This video isn’t in 4K. Or 3D. It isn’t even in full colour. But that doesn’t matter, because it’s the first video to be projected from an aeroplane onto the clouds outside.
New Scientist explains that the hardware for the project was created by artist Dave Lynch, scientist Mike Nix and maker Aaron Nielsen. Project Nimbus, as it’s called, is a modern-day version of 19th-century zoopraxiscope that uses lasers to make moving images.
New Scientist has a great write-up of the development process. For instance, it explains:
[The] first zoopraxiscope was a lashed–together affair, made from bits of recycled technology, and a $35, 2-watt blue laser bought on eBay... The breakthrough was to replace the 14 slits in the zoopraxiscope’s shutter disc with 14 hemispherical lenses, replicating the slits by turning the circular laser beam into focused lines of light which sweep the image in place of the shutter. The result was a sharp, bright image – even when projected onto the nebulous media of clouds at variable distances from the projector – in this case up to 50 metres away.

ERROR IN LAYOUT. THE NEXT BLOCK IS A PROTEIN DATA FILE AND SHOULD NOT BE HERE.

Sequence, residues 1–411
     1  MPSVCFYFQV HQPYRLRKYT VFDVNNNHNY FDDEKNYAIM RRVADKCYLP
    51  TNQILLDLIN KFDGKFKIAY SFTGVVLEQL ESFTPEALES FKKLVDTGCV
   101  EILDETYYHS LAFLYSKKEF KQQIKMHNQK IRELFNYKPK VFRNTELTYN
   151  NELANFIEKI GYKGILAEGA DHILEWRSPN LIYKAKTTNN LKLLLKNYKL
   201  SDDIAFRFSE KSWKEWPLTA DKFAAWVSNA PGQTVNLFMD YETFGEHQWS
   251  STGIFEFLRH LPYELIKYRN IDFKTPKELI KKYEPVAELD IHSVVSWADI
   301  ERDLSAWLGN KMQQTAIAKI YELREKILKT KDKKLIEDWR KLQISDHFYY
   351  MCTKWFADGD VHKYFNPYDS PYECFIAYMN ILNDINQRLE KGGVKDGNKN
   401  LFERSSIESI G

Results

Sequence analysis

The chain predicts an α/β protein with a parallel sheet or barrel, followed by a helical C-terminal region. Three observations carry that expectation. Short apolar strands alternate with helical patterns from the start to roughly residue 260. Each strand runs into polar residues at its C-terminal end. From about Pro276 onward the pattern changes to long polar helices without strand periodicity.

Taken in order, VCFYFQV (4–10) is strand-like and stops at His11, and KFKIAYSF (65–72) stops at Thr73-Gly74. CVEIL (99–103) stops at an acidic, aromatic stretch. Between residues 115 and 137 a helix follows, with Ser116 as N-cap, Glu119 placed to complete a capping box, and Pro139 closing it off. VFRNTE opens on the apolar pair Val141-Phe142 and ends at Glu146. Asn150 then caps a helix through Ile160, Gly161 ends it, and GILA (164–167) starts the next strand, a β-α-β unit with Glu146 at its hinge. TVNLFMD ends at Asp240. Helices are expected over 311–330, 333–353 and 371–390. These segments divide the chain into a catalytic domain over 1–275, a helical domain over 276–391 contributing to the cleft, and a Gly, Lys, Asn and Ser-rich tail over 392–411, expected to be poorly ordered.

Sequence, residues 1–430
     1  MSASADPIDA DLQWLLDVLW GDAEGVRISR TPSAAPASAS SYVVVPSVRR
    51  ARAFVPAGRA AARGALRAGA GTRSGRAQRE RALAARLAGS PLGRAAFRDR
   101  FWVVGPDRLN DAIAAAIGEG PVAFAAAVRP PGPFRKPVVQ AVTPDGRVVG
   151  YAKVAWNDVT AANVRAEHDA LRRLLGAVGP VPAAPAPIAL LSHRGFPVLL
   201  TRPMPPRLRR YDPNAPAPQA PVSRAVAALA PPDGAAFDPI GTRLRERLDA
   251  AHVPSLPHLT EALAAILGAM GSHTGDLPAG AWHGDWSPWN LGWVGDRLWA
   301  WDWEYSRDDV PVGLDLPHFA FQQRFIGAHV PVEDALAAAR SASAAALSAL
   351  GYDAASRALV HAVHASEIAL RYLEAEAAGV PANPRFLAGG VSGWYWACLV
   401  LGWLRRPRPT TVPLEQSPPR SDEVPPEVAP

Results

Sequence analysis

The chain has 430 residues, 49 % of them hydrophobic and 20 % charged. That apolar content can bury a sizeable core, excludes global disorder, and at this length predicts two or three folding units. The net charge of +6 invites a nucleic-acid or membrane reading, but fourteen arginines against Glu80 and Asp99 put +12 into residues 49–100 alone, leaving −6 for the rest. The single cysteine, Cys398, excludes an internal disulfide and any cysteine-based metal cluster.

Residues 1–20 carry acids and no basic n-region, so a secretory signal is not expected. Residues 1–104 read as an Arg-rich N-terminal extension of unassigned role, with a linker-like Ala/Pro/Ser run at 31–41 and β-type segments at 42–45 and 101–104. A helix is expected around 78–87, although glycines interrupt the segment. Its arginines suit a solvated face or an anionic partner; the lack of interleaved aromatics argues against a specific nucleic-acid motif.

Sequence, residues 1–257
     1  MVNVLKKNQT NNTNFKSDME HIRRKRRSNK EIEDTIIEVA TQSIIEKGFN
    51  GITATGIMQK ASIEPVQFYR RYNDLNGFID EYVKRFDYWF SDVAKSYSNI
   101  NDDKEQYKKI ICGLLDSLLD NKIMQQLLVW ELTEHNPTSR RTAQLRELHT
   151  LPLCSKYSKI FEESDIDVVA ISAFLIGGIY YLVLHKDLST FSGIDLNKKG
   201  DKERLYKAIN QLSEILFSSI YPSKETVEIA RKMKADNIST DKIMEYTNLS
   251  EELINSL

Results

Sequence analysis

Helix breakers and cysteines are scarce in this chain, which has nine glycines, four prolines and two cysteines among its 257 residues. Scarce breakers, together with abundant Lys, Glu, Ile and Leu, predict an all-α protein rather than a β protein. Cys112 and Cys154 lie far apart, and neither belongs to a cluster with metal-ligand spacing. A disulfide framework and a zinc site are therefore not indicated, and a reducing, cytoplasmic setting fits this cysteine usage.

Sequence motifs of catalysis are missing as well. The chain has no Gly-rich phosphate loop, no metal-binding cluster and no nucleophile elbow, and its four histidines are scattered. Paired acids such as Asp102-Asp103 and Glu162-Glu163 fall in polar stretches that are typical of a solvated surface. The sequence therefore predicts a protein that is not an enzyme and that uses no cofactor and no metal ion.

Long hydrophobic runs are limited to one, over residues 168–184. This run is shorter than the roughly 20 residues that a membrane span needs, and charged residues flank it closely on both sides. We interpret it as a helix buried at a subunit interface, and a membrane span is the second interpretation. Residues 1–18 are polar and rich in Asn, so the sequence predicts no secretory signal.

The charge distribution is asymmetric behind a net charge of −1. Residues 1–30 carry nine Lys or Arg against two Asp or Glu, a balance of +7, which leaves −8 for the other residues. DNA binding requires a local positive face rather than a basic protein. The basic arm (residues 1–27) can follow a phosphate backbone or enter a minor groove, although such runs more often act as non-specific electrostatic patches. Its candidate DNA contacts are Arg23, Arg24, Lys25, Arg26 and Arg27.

The resulting hardware has been used to successfully project images form a Cessna 172 aircraft onto the clouds above Nottingham in the UK. You can watch the results below. The team behind it have speculated on the idea of working with the likes of Virgin to create a giant digital art piece in the skies using the technology; wouldn’t that be amazing? [New Scientist]